WINDHOEK – Just over 18 percent of the Namibian population – constituting 476,372 people – are currently living in extreme poverty, according to the World Poverty Clock.
As such, the country is ranked among those unable to reach the United Nations (UN) Sustainable Development Goals (SDGs) target at the current poverty escape rate, the report further indicates.
Also in this group is neighbours Botswana, where 426,694 people are living in extreme poverty. Lesotho has 1,1 million people in extreme poverty, and South Africa 13,8 million people.
The World Poverty Clock – funded by Germany’s Federal Ministry for Economic
Cooperation and Development – uses publicly available data on income distribution, production, and consumption, provided by various international organisations, most notably the UN, World Bank, and the International Monetary Fund.
Angola, Zambia, the Democratic Republic of Congo (DRC) and Nigeria are the African countries where poverty levels continue to rise. In the whole of Africa, only Ghana, Mauritania and Ethiopia are said to be “able to escape poverty by 2030”. The statistics are based on standardised database on income which provides real-time projections on income levels for every individual in the world.
Those living in extreme poverty constitute 18,2 percent of the Namibian population, with the percentage level pegged at 0,1 percent relative to world, according to the World Poverty Clock.
In her first ever report submission to the UN SDGs Voluntary National Review in May 2018, Namibia noted that “there are several challenges that are currently impeding progress regarding the implementation and achievement of the [SDGs] goals”.
Among these challenges, Namibia said, are inequality and end poverty in all its form. Although inequality has over the course decreased, with the Gini-Coefficient improving from 0.58 to 0.56, inequality levels “remain high, resulting in Namibia being classified among the top 10 most unequal countries in the world”.
“There are still huge disparities in terms of who has access to sustainable income, productive assets, food, water, energy, and basic services. Whilst economic growth had consistently been recorded, the paradox is that growth had not translated into commensurate employment opportunities, resulting in high unemployment rates on the one side and increased levels of inequality on the other,” reads the report submission by Namibia.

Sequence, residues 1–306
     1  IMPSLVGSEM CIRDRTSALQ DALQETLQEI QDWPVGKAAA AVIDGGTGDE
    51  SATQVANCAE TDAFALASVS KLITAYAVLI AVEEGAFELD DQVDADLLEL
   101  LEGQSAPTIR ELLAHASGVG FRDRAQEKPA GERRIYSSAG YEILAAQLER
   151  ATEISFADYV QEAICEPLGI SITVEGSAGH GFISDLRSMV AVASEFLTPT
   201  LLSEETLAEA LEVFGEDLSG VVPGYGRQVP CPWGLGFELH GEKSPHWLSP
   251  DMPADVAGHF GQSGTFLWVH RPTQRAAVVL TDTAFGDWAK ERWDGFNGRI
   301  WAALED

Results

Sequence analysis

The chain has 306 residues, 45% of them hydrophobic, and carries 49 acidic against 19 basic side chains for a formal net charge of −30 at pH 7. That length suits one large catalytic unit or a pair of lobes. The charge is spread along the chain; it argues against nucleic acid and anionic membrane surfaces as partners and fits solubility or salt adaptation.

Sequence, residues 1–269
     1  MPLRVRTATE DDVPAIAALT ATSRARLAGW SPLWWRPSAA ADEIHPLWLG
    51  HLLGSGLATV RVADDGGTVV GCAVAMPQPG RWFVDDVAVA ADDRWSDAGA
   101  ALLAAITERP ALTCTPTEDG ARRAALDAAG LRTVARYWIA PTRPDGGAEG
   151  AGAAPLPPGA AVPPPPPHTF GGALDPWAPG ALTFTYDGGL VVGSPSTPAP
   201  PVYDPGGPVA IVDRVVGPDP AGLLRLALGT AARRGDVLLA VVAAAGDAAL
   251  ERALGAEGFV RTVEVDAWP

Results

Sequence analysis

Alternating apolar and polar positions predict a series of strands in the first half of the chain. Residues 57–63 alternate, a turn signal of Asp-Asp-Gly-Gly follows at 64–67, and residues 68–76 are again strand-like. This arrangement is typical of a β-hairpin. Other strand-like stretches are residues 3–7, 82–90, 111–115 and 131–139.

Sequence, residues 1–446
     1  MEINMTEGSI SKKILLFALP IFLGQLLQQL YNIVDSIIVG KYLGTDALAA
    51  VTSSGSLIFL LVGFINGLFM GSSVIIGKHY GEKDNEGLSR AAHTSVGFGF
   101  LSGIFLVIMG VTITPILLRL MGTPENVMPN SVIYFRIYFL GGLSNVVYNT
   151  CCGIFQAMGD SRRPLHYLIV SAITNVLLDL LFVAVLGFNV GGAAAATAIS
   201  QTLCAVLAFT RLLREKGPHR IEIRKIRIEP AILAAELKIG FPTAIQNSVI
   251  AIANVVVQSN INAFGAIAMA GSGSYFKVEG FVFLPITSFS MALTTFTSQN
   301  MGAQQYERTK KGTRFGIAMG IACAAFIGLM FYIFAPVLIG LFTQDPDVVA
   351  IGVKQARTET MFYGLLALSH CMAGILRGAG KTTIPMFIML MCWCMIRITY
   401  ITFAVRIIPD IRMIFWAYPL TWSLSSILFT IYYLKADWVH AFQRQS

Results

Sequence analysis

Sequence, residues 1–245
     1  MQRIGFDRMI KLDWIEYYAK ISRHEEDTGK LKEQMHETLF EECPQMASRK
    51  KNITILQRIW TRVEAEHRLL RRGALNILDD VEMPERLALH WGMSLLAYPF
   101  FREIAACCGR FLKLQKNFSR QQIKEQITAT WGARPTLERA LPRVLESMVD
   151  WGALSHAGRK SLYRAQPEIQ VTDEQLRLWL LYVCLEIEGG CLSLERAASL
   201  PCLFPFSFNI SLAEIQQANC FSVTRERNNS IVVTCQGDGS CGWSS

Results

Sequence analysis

The report noted that in terms of economic growth, over the past two years of 2016 and 2017, economic growth has slowed and is projected at 1.2 percent in 2018 and 2.1 percent in 2019, thereby negatively impacting on industrial and investment growth.
“Rural poverty has reduced significantly from 34 percent to 25.1 percent, although still remains a challenge, therefore much needs to be done to ensure that rural communities are emancipated,” said the report.
It also noted that on gender the proportion of women partaking in science and other high paying fields remain low, and this is something Namibia is working to address. Also, there are few women in positions of leadership compared to men.
In Namibia, women account for 35 percent of the wage employment in the agriculture sector and 51 percent of women are employed in the informal sector. Additionally, 27 percent of privately owned firms have female top managers and 43 percent of parliamentarians are women; and this represents an improvement from 25 percent in 2010. Furthermore, in the public sector, women in managerial positions account for 43 percent in relation to 57 percent of men.
“High poverty rates among women coupled with high unemployment rates poses a challenge to the attainment of gender equality and the economic empowerment of women,” said the report.
The World Poverty Clock notes that despite the fact that the global poverty rate has been halved since 2000, intensified efforts are required to boost the incomes, alleviate the suffering and build the resilience of those individuals still living in extreme poverty, in particular in sub-Saharan Africa. “Social protection systems need to be expanded and risks need to be mitigated for disaster-prone countries, which also tend to be the most impoverished,” it said.
In 2013, an estimated 767 million people lived below the international poverty line of US$1.90 a day — down from 1.7 billion people in 1999. That figure reflects a decrease in the global poverty rate from 28 percent in 1999 to 11 percent in 2013.